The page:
The Wauhatchie Pike is a historic path in Lookout Mountain, Tennessee, U.S.. It was named after Wauhatchie, a Cherokee Nation chieftain. The path was an important location during the American Civil War of 1861-1865. It has been listed on the National Register of Historic Places since July 11, 2001.
Second Presbyterian Church is a historic church at 700 Pine Street in Chattanooga, Tennessee, affiliated with Presbyterian Church USA.
website: http://www.secondpreschattanooga.org/; NRHP reference number: 80003822
Clarence T. Jones Observatory is an astronomical observatory in Chattanooga, Tennessee (US), owned and operated by University of Tennessee at Chattanooga.
website: http://www.utc.edu/physics-geology-astronomy/observatory/index.php; NRHP reference number: 09000949
Asbury United Methodist Church, originally Highland Park Methodist Episcopal Church, is a historic church on Bailey Avenue in Chattanooga, Tennessee.
NRHP reference number: 80003813
AT&T Field is a baseball field located in Chattanooga, Tennessee. It is the home of the minor league Chattanooga Lookouts of the double-A Southern League. Capacity of the stadium is 6,362 people, with the vast majority of seating located on the first base side. Construction of the stadium began in March 1999, and was completed for the 2000 season. The stadium's first game was on April 10, 2000, a 5–4 Chattanooga win.
Maclellan Gymnasium is a 4,177-seat multi-purpose arena in Chattanooga, Tennessee. It is home to the University of Tennessee at Chattanooga Mocs women's volleyball and wrestling teams. It used to host the Mocs basketball teams until McKenzie Arena opened in 1982.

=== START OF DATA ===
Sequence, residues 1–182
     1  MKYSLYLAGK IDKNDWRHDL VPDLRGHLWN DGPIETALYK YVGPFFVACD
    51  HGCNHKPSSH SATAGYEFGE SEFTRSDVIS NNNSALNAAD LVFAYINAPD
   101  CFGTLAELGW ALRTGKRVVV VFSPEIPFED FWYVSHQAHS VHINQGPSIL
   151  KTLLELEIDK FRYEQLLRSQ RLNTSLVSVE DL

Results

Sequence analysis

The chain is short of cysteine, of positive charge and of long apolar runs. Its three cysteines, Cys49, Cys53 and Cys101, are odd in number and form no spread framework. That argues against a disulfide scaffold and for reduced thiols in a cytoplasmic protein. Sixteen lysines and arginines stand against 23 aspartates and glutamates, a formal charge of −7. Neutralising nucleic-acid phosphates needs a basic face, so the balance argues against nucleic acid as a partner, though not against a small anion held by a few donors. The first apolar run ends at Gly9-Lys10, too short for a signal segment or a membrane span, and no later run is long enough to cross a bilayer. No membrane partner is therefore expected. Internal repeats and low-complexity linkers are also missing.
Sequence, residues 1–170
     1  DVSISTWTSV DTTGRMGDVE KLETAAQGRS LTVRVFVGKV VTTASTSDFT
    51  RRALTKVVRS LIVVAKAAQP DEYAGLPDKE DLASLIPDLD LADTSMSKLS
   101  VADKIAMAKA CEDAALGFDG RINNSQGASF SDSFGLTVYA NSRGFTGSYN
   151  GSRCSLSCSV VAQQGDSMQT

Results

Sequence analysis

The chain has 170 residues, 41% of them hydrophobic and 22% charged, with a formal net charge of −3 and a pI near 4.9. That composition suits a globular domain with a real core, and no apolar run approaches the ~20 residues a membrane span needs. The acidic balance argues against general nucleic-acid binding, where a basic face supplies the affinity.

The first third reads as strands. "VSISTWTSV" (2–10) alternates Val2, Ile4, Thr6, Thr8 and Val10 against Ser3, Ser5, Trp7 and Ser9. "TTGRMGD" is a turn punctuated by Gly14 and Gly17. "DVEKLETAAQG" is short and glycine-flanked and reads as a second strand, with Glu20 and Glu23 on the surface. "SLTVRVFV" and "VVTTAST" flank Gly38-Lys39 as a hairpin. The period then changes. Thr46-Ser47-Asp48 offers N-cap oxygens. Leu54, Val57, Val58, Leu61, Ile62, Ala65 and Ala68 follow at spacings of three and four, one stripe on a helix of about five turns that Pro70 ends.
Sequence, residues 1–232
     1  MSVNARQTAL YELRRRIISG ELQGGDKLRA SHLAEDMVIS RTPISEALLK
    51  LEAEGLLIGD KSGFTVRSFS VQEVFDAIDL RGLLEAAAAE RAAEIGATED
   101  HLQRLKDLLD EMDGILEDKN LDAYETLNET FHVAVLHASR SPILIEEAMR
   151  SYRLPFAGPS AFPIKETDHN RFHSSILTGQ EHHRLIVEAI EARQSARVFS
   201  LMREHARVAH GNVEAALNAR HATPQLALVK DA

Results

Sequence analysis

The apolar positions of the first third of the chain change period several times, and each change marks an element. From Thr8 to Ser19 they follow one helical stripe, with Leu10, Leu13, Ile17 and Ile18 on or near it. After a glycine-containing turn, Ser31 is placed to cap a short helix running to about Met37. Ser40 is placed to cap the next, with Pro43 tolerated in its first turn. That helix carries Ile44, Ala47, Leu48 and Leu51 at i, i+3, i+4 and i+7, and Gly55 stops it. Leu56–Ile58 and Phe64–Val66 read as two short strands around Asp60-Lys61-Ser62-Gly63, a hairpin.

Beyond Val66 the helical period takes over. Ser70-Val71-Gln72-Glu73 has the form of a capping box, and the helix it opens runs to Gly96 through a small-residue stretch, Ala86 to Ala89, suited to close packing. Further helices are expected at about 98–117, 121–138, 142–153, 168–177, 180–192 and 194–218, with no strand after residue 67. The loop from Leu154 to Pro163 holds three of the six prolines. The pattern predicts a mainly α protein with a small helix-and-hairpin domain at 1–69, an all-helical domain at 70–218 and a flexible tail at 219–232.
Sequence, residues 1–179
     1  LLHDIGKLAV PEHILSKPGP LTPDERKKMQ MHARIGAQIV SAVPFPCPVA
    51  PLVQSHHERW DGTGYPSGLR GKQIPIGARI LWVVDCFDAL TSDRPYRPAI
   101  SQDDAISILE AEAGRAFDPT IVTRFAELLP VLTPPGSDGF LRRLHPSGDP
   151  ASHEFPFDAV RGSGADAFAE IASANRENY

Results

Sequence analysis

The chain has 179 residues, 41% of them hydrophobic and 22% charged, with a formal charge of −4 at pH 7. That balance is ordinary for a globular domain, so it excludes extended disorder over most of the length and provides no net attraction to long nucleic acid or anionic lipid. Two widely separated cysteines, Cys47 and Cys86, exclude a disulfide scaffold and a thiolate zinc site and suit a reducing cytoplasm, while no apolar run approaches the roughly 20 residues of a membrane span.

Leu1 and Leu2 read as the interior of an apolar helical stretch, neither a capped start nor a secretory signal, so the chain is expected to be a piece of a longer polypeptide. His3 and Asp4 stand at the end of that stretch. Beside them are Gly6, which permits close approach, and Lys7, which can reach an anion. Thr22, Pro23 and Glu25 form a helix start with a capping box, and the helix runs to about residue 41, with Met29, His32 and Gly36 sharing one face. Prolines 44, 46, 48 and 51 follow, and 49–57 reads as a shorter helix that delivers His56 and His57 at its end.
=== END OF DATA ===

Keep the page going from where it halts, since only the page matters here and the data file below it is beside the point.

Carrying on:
Ferger Place Historic District in Chattanooga, Tennessee was so named and added to the National Register of Historic Places in 1980. "Ferger Place" was founded in 1910 as the first exclusively White gated community ("restricted private park") south of the Mason–Dixon line. Founded by two wealthy investors, the Ferger Brothers, J. Fred Ferger and J. Herman Ferger, on the outskirts of town, and surrounded by a fence to keep grazing cattle out, Ferger Place attracted higher class families including wealthy businessmen and Government officials. Off of main street in east downtown Chattanooga, this 240-acre neighborhood includes a wide spectrum of architectural styles of homes and welcomes newcomers to its safety oriented community. Making up both Morningside and Eveningside Drives, the homes reflect an array of styles ranging from 1910 through the 1930s. The Historic Neighborhood is also known for its distinct 'U' shape of 69 beautiful homes. This neighborhood was especially attractive because of the industrial revolution that spread throughout the nation at the beginning of the 20th century.
NRHP reference number: 80003810
WLMR (1450 AM) is a radio station broadcasting a religious format. Licensed to Chattanooga, Tennessee, United States, the station serves the Chattanooga area. The station is currently owned by Wilkins Communications Network, Inc. and features programming from USA Radio Network. In the early 1980s, the station was automated and played country music from studios in a strip mall on Brainerd Rd. It was also Chattanooga's first talk radio station when it held the WZRA call letters. WZRA was the first home of Jeff Styles, and also featured well known personalities such as Kelly McCoy and Robert T. Nash.
Trinity Methodist Episcopal Church (also known as Tucker Baptist Church) was a historic church on McCallie Avenue in Chattanooga, Tennessee.
NRHP reference number: 80003826
The Veterans Memorial Bridge is a steel girder bridge in Chattanooga, Tennessee. It was built in 1984 and has a main span of 420 feet (130 m). It carries Georgia Avenue across the Tennessee River, and McLellan Sanctuary at Audubon Island, which is an animal sanctuary on an island on the river. It is one of 4 bridges that cross the Tennessee River at downtown Chattanooga. There are at least 13 other bridges by the name Veterans Memorial Bridge in the United States of America.
The Soldiers and Sailors Memorial Auditorium is a historic performance hall in Chattanooga, Tennessee. Built between 1922 and 1924 by John Parks (John Parks Company, General Contractors) at a cost of $700,000 and designed by noted architect R. H. Hunt, who also designed Chattanooga's lavish Tivoli Theatre, the theater honors area veterans of World War I.